Most tourists come to Nara by bus. They get off in the parking lot, then walk to the Daoan-ji with the big buddha, then walk back. Very few of them venture outside of this main route. What that also implies for the poor deer who hang around the route, is a strange twist of the Pareto principle. A little fraction of the deer gets an overwhelming share of attention from tourists, who literally throw food at them and try to stuff it in their mouths.
Outside of the tourist routes, there is a number of temples and gardens, which remain virtually empty.
Making of tea cakes, or something along those lines.
PART 4 - Hiroshima
Who wouldn't know Hiroshima. The site where the first atomic bomb was dropped in August 1945 is a place of much more serious significance than the begging deer in the park.
The city has been completely rebuilt. The last standing structure and reminder of the bombing is this former industrial, almost directly under the epicenter of the blast. While several other buildings in the center of the city survived, they were torn down. Of particular interest to me because it was designed by Jan Letzel, a Czech architect.
The city before the bomb...
.. and after the bomb.
The city has been completely rebuilt, and is now quite nice and spacious. Also has charming small parks..
Full of hungry turtles.
Itsukushima shrine on the Miyajima island, just outside Hiroshima. It is one of the most popular tourist sites in Japan.
Japan is a big country, and transportation can get pretty damn expensive. However, the Japanese railways offers one-week tourist passes, which are good for any train travel anywhere in the country, including the famous Shinkansen. Despite their lightning speed, we still spent quite a few hours criss-crossing the Honshu island.
PART 5 - Takayama
A small town in the Japanese Alps, which offers a relaxing escape from the bustling concrete agglomerations in the lowlands.
Interesting to my fellow Czechs may be the fact that it is not too far from the site of the greatest Czech heroics - Nagano.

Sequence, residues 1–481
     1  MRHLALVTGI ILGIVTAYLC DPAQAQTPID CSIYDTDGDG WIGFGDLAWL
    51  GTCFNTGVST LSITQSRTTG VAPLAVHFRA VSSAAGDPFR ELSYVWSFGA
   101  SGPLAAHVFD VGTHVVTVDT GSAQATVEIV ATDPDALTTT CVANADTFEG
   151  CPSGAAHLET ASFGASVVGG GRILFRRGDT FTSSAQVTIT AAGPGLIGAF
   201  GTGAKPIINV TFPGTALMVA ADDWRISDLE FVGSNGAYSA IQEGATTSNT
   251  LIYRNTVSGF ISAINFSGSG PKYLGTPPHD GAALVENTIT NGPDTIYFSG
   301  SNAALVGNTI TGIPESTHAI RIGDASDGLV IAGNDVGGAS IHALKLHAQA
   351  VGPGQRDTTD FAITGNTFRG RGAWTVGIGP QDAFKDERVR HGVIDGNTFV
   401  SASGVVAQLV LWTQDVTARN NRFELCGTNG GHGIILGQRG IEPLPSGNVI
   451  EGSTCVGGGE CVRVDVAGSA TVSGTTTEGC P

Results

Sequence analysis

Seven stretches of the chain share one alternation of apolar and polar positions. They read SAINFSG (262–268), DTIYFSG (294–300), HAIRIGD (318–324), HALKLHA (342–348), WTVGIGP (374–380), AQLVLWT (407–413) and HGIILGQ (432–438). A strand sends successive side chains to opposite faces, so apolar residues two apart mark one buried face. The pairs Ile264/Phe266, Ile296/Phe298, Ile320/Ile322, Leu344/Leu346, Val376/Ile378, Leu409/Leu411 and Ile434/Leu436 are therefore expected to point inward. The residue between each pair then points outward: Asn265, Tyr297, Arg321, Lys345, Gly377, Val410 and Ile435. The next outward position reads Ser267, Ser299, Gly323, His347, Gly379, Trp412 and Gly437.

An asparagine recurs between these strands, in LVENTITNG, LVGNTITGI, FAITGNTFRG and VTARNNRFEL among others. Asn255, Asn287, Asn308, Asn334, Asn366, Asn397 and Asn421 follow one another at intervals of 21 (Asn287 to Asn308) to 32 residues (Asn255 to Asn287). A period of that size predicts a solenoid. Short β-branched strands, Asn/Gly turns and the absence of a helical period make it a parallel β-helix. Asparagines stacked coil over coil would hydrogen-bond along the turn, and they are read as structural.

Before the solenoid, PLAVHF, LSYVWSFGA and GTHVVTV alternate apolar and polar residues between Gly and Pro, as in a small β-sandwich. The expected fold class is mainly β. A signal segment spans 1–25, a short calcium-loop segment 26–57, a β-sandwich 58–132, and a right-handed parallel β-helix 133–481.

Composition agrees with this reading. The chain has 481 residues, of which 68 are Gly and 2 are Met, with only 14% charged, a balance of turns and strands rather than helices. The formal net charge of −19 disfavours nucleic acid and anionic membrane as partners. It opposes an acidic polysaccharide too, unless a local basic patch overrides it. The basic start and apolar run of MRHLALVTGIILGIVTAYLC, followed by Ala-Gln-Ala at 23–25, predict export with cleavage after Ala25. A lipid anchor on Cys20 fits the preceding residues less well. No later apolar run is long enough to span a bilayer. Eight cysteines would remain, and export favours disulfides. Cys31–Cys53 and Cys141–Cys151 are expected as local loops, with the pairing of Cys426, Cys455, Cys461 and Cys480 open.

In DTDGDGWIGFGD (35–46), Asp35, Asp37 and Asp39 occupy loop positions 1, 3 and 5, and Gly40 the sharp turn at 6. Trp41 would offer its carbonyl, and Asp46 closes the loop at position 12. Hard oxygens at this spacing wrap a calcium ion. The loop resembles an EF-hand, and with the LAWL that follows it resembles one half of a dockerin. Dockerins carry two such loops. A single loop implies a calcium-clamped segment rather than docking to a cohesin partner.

On the last day of the trip, we took advantage of the unlimited train travel and went to look at another Japanese symbol - Mt. Fuji. The problem with Mt. Fuji is that it's often covered in the persistent clouds and mist. This was indeed the case on the day of our visit, but with little photo editing on the computer, a mountain is clearly visible.
PART 6 - Food Section
While not designed for tourists, Japan has a very useful gadget that make eating out a lot easier - most restaurants display the dishes (made out of plastic) it the windows. All that the poor tourist has to do is to lure the waiter outside, and point at the desired dish.
Fresh produce market in Osaka. Fancy an octopus?
Sushi doesn't get any more authentic than this. A problem with sushi in Japan - it is not adjusted to the Westerners' tastes, and some bits are just too much. Most notably, uni sushi, made out of sea urchin ("sea hedgehog"). I still felt it in my stomach the next day. Of course, it is considered a great delicacy in Japan.
PART 7 - Oddities Section
We all know that Japan is odd. With its great passion for manga comics, crazy toys, cute things, sexuality in the least expected places..
See what I'm talking about? Japanese toy shop has truly unexpected things on offer.
Furniture shops, for a change, cater to geeks who are into the aliens.
Pachinko hall, or the most popular way of gambling.
Your typical Japanese chicks in downtown Osaka.
Found this sign in Takayama. Why Housenka? Did someone intentionally look up the Czech word for Catterpilar to put on their sign? Is it simply a word that sounds interesting for the Japanese? That question will probably haunt me for a very long time.